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Information for Loved Ones

How to Help a Loved One With an Addiction

By August 10, 2022No Comments

The current statistics for addiction and substance use disorders are frightening. Basically, 10 percent of the population. Or one in ten people. This means just about everyone knows a person with an addiction to drugs or alcohol. And at some point, most will wonder how to help someone with an addiction.

But things get more personal when it’s someone you love. A friend. A family member. A significant other. Whatever it is, addiction is a desperate disease that can leave people in the circumference feeling completely helpless—powerless while this substance erases their loved one right in front of them.

But there is hope. If you know and love someone with an addiction, here are some ways you can help.

Help a loved one with an addiction

Talk to a Person With an Addiction

There are many nuances to this, but ultimately there is one primary action to take if you want to help a person with a substance use disorder: talk to them.

Yes. This has to happen.

You can no longer sit idly by. Your inaction is an action here. And addiction to drugs or alcohol absolutely warrants a compassionate conversation that shows you care more about this person than to watch them destroy their life with each passing fix or tip of the bottle.

No Shame

That said If you truly want to help someone get help for an addiction, shame, guilt, and anger won’t get you anywhere. When you talk to your loved one, remember: blame, condescension, and indignation are not the required tones.

This approach will probably do the opposite of helping and drive your loved one away from you and right back to their drug of choice. It is counterproductive.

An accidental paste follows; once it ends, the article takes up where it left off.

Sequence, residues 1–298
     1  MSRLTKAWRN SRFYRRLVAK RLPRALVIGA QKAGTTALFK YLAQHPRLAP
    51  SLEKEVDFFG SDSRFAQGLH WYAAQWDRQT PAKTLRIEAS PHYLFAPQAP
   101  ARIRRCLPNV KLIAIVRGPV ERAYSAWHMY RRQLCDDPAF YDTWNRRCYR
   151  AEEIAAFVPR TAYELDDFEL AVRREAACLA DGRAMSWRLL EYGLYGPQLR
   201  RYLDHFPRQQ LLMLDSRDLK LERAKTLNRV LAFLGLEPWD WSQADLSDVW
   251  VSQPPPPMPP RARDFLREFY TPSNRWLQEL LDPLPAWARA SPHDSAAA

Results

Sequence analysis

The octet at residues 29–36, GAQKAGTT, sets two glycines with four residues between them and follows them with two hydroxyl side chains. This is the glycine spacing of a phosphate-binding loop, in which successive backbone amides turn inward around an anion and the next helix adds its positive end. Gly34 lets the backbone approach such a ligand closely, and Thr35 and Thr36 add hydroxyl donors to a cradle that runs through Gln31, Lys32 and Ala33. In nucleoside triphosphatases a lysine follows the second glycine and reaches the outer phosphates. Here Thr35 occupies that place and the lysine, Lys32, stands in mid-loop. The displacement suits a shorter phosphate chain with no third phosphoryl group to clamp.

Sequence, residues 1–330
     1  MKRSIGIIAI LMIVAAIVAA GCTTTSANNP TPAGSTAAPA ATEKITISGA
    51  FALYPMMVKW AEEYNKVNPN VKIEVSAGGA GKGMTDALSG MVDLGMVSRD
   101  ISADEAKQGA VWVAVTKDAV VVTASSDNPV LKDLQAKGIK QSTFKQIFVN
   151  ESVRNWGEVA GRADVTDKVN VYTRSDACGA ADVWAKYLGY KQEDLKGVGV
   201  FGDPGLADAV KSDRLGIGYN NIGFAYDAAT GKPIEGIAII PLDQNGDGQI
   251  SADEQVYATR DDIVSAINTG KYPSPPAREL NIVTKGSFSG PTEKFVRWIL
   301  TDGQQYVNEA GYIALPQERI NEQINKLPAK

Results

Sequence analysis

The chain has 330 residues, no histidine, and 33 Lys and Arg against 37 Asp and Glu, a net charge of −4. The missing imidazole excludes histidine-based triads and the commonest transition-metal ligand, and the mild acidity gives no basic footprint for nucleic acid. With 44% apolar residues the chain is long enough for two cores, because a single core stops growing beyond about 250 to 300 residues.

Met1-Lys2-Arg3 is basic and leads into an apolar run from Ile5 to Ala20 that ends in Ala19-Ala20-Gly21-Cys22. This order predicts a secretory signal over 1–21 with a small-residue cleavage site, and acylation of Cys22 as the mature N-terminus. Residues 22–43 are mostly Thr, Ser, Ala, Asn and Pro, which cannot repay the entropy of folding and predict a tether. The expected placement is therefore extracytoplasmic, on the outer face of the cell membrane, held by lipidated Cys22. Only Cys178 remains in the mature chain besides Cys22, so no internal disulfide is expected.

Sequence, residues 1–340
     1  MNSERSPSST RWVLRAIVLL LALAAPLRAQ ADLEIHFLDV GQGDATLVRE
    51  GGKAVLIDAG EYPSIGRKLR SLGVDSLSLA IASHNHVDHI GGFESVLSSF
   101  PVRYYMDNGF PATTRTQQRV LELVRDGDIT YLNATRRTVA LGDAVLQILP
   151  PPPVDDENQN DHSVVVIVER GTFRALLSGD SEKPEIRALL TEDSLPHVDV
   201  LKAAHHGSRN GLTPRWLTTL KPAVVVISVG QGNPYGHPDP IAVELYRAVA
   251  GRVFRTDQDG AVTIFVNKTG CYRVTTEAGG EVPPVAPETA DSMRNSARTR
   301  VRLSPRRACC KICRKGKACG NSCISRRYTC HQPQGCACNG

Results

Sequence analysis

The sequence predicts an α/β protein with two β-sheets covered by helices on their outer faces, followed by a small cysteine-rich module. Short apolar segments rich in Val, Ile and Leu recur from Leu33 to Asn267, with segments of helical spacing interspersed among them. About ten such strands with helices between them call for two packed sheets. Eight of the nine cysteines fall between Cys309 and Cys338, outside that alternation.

Saying, “Just Quit”

Addiction is a disease of the brain that continually causes a person to act in ways that cause them harm. The cravings and decisions are more than simple choices. They are deeply infused with changes to brain chemistry that has been brought on by heavy use over time. Just telling a loved one to “quit” is not the answer because it simply is not possible. This is one reason medication assisted treatment is the most viable option for substance use disorder treatment.

Be Aware of Your Enabling

Even though addiction is a disease, this doesn’t mean you just accept their destructive behaviors and actions. Personality changes (moodiness and anger) financial problems, hygiene challenges, criminal actions, and manipulation are not acceptable. Often when a loved one goes too far on the side of “no blame” they find themselves giving too much leeway or even taking actions that enable the addiction to continue unchecked.

The idea of a rock bottom is still valid. For real change to occur, a person with an addiction needs to feel the consequences of their actions. Protecting them from financial problems, from getting fired, or from the back seat of a police car is not truly protection in the long haul.

Share Your Experience

Once you recognize the problem, knowing how to communicate with and treat a person with a substance use disorder is essential for success in their recovery journey. Patience is important, but it is also important for you to express what the addiction is doing to you. Often, a person with an addiction is blinded to the harm that is resulting from their behaviors.

Educate Yourself

Learn about the specific type of recovery needed to help a loved one through addiction. Doing this gives you a better understanding of what addiction is. It equips you with essential solutions to offer your loved one when they finally begin to open to the idea of addiction treatment. It also enables you to deal with the stigma around addiction and the denial that comes with it.

If you want to talk to an addiction specialist about how to best talk to your loved one, our team is here to help. Call us today: 484-351-8031.

You are more than your addiction.

Allow our evidence-based addiction recovery center
to fully support you so you can live fully.

CALL NOW: (484) 351-8031